Book Notes Chapter 26 Notes from The Prince

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The Prince Chapter 26

An exhortation to free Italy from the hands of the barbarians

Machiavelli believes that the time is ripe for a determined prince to restore former glory to Italy and free her from the bondage of barbarian cruelty. Just as great leaders of the past won glory by taking it upon themselves to meet their nation's desperate needs, Machiavelli urges the prince, Lorenzo de' Medici, to take up the endeavor because all the signs point to his success. (The Medici family held great political clout, including control of the papacy). Before, a certain prince seemed to have all the necessary qualities to become Italy's savior, but in the end, fortune undid his labors. Machiavelli is referring to Cesare Borgia, who almost succeeded in uniting Italy, but failed to do so because of ill health. Machiavelli writes that the prince, on the other hand, is destined for glory just as long as he follows the model of former great princes. Italians are not lacking in courage or skill in battle. What they need is a capable leader who is worthy of the people's respect and admiration. Italian troops are capable in individual combat, but have done poorly in wars because of the lack of qualified leaders. Machiavelli emphasizes again that the prince should command and keep his own army. He is convinced that with new military weapons and strategy, an Italian army can defeat any of the other formidable armies-the Spanish, Swiss, German, and French. They all have their exploitable weakness. Machiavelli writes with much emotion:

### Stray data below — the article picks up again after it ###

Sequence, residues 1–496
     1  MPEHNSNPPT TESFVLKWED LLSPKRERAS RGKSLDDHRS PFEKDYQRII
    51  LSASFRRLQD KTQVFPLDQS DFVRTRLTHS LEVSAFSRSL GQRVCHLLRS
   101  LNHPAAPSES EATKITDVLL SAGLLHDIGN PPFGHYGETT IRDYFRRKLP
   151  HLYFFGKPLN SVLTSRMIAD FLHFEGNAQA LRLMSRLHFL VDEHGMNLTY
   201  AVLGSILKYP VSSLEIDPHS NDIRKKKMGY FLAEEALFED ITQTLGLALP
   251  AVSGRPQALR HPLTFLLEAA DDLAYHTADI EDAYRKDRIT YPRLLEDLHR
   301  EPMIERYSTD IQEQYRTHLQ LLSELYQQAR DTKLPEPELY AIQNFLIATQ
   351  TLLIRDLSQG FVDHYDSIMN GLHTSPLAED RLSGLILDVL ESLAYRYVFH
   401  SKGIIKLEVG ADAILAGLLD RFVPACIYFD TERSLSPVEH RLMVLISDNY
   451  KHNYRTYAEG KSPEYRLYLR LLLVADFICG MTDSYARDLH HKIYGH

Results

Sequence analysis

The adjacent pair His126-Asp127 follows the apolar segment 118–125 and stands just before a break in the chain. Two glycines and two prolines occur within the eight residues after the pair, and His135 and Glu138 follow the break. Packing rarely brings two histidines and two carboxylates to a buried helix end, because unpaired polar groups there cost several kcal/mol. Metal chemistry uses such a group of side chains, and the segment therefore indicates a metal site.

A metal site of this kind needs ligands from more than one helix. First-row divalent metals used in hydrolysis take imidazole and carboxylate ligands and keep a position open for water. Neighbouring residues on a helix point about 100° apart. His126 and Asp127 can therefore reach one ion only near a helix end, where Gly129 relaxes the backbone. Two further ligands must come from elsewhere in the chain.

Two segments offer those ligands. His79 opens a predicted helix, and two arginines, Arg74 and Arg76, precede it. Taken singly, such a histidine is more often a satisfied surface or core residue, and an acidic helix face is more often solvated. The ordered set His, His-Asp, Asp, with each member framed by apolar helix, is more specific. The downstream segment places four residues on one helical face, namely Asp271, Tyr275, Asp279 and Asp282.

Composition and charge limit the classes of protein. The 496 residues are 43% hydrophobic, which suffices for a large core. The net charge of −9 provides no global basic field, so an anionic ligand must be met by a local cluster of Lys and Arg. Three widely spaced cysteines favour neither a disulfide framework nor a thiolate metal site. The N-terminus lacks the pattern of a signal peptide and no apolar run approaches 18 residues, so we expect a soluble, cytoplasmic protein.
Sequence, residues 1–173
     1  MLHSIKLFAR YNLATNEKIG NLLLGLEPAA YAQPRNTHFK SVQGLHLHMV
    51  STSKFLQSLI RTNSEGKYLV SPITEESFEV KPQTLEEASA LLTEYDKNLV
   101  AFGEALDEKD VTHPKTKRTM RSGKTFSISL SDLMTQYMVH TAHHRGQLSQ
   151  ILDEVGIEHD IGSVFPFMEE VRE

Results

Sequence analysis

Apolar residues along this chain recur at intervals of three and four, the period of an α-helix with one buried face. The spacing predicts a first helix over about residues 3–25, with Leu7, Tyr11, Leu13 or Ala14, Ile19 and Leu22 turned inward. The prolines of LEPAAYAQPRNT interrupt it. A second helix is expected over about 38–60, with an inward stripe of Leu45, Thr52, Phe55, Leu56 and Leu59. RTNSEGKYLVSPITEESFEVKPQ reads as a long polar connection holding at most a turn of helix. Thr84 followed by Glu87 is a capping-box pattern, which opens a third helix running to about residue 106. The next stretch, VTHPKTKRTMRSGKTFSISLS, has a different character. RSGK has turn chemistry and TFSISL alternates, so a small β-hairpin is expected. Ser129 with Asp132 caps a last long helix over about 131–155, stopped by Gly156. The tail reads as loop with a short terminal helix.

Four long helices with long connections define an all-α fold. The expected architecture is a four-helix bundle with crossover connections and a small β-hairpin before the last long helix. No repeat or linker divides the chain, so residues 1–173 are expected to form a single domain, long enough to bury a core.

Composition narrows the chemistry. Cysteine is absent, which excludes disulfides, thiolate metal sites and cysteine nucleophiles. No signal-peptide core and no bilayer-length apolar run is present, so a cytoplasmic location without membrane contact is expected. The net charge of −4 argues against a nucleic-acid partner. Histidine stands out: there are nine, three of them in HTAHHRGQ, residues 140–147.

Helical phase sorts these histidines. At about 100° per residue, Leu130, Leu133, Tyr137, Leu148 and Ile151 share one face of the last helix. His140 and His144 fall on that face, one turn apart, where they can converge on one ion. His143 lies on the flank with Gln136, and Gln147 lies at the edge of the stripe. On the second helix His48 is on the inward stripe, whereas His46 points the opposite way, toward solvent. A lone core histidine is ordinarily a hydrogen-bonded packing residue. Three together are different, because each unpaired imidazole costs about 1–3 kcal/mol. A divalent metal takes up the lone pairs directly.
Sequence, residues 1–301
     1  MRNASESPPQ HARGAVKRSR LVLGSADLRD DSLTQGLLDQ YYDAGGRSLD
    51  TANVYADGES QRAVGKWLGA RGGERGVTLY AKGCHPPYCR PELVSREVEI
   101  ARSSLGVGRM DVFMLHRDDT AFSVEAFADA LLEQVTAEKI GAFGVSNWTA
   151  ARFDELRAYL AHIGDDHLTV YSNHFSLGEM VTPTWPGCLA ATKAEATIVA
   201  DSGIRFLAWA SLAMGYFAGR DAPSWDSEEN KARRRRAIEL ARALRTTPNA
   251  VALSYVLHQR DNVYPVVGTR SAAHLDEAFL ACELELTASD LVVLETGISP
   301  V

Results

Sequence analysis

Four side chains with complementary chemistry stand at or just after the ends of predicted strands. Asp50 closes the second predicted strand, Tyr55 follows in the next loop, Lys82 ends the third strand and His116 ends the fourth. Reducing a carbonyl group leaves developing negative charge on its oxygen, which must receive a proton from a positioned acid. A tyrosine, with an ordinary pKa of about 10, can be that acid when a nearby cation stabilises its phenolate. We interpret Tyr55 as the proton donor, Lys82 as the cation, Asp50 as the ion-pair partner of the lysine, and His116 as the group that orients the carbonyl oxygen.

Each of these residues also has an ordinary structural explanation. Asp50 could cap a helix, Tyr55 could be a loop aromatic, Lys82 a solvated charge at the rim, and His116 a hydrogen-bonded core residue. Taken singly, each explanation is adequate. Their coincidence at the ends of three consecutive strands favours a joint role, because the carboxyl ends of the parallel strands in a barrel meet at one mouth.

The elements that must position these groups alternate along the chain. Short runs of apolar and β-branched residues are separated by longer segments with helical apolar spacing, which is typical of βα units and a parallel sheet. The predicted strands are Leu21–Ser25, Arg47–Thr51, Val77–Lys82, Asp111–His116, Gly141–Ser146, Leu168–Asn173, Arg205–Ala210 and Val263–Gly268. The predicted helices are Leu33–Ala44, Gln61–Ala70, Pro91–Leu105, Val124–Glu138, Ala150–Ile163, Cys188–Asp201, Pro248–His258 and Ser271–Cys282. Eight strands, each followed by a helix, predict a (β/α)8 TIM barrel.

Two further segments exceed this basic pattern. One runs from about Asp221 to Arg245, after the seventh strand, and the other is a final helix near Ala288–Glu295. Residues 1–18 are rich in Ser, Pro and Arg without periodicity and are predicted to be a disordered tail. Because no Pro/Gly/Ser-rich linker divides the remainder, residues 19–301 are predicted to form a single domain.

"I cannot describe with how much love, with what thirst for revenge, with what resolute loyalty, with what tenderness, with what tears he would be received in all those provinces which have endured these foreign hordes. What gates would be closed to him? What people would deny him obedience? Whose envy would oppose him? What Italian would withhold his allegiance?" Chapter 26, pg. 90

Machiavelli challenges the prince to save Italy from the control of the barbarians. He concludes by quoting a line from a poem by Petrarch that takes glory in Italian might.

Topic Tracking: Fortune 10
Topic Tracking: Virtue 17

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